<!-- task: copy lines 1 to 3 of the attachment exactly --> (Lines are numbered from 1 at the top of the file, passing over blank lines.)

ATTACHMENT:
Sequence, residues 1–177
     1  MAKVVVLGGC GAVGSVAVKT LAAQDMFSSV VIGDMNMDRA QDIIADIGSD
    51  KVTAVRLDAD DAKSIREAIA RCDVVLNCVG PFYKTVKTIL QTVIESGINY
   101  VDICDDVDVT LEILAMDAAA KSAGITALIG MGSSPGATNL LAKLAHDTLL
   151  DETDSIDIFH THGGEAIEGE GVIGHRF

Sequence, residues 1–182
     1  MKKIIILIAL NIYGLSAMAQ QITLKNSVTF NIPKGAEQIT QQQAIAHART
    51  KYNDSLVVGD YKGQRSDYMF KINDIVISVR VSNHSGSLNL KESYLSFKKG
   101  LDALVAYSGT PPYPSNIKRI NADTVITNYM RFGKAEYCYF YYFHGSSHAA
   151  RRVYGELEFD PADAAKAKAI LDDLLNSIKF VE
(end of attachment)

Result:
Sequence, residues 1–177
     1  MAKVVVLGGC GAVGSVAVKT LAAQDMFSSV VIGDMNMDRA QDIIADIGSD
    51  KVTAVRLDAD DAKSIREAIA RCDVVLNCVG PFYKTVKTIL QTVIESGINY